Archive for December, 2006
is the question that came to my mind when reading this entry BuzzMachine » Blog Archive » Size doesn’t matter: The distributed media economy by Jeff Jarvis. I don’t know the answer but would guess it’s challenging to say the least. To reach, engage and convince potential customers to buy from you – or in the context of a destination – visit you, is now so different than in the past that it defies the old measurement tools used, even the recent ones introduced only a few years ago in the early days of the web.
I guess it comes down to relevancy as one key element. If what you offer is relevant to whoever it is you try to reach, it will find resonance, gain attention and at best action will be taken by the recipient. This can be in the form of an actual visit but hopefully even more by the spreading of the impressions about it to many others. This type of "sneezing" has been made much easier than ever before and is the positive side of the equation.
2007 will be another interesting year for all marketers and I wish everyone of them success and fun in working in this exciting environment.
introduced by SimpleSpark
Whatever your take is on web 2.0 as a term, it’s amazing what’s happening with all the new applications being introduced and how many will change the way we interact and communicate on the web.
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I can only say "amen" to that. Have a wonderful Holiday(s), everyone.
is a well written paper on the subject. I agree with the author that we run the a certain risk of overhyping the term before the audience has caught up with it. On the other hand it doesn’t really matter as the customer doesn’t have to understand the meaning of the term. The key is understanding what they do daily online and how they use the internet should fuel our action. Whatever term we use to base our activities to respond to customer behaviors and demands is irrelevant.
One more thing this article makes very clear is that today the website has to be considered the core of any organizations activities and not some appendage or add-on device. It’s the most important tool available to become an effective organization bar none.
TIME.com: Person of the Year: You — the consumer who is increasingly in control.
Marketers, start your brains and find out how to compete in this world of freedom and get invited to the conversation taking place about you and all around you.
Content is certainly important but this article totally overstates the case for it. It reminds me of the days when websites consisted mainly of static brochureware. It also depends a lot on what the purpose of your website is.
In travel I would rate functionality much more important for success. Fast downloads, overall ease of use, interaction design in short is key. Of course, content is necessary but in the world of Web 2.0 this is increasingly user generated and doesn’t come from the site owner.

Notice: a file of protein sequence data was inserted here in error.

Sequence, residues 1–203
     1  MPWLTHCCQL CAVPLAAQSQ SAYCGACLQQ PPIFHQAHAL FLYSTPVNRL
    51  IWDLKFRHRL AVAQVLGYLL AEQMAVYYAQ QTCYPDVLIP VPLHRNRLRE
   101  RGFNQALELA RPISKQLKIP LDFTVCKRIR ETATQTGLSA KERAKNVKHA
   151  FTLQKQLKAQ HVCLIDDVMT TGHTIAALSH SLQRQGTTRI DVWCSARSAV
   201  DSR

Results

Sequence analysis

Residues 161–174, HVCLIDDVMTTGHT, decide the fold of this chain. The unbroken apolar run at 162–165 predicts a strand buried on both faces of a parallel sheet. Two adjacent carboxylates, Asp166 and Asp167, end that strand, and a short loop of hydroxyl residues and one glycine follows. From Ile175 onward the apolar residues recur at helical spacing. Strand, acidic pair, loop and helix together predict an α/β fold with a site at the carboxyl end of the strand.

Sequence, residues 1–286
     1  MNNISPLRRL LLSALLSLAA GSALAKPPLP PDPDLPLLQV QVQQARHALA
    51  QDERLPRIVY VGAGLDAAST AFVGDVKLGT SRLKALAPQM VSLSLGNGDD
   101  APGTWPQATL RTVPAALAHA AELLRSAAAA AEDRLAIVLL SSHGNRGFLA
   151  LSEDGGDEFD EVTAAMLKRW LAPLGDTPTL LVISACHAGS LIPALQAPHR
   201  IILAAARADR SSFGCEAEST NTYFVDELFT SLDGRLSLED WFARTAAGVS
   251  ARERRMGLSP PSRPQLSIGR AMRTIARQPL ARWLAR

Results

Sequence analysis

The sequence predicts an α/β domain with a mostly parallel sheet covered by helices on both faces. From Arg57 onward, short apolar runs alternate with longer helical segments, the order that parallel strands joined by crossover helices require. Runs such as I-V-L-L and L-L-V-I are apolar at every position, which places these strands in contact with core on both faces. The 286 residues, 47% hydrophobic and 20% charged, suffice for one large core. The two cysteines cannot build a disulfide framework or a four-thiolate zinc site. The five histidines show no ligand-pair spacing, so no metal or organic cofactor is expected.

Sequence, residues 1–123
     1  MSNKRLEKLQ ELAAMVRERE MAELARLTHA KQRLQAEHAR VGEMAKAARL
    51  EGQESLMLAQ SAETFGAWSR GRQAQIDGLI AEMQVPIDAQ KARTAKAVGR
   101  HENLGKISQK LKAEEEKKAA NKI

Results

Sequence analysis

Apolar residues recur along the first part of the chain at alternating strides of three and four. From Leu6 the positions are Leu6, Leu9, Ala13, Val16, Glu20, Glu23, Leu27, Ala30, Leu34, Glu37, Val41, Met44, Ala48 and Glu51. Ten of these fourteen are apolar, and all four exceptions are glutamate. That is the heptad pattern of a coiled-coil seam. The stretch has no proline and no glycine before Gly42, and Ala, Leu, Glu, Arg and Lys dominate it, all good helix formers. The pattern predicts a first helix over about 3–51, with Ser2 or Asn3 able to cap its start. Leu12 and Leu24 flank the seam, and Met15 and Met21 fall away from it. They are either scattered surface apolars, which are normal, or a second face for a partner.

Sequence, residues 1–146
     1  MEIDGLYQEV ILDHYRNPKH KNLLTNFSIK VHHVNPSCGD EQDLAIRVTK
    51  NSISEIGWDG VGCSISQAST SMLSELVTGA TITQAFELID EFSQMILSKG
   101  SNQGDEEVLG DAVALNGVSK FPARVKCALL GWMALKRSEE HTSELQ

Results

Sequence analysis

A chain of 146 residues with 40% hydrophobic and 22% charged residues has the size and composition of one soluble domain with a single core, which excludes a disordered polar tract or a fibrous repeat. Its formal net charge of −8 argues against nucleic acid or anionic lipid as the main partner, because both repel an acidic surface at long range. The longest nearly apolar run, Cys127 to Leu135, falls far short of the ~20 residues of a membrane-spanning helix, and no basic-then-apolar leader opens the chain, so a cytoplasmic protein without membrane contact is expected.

The brand is who you are and that is defined by many more factors than just content. In short, you’ve got to deliver the whole package to be successful.
Nice paper, well presented with attractive charts and photos but, alas no information that hasn’t been available for at least a year or more. Amazing, considering how well known they are and how much they charge clients……!
and although it relates to Yahoo! it is very relevant to the travel industry in general and DMOs in particular. Just replace the word "articles" with "information"
Moreover, it’s not just about getting users to express themselves, but providing the means to let users connect with each other.
This is exactly what we’re seeing at YouTube, News Corp’s (NWS) MySpace and Facebook. The people are the providers or entertainers and the marketers of their own content.
- As always, the people at Trendwatcher have a finger on the pulse
- User generated content both for free and paid
- How about destinations rewarding visitors for the best, most unique, funniest, honest etc. contributions?
- Maybe enter into a competition and win a return trip?
He has the right background and as head of Visa is involved in the same global marketplace as the DMO he will chair. Having heard Chris speak at the recent PhoCusWright Executive Conference, he certainly showed a keen grasp of the issues and seems to be a professional with the right vision for the industry. As a former elite rower, he sure has the stamina…
Who knows, maybe a few years down the road DMOs will be chaired by people not only with the kind of professional background that is positive for the political recognition that’s so important, but maybe even somebody with online marketing experience.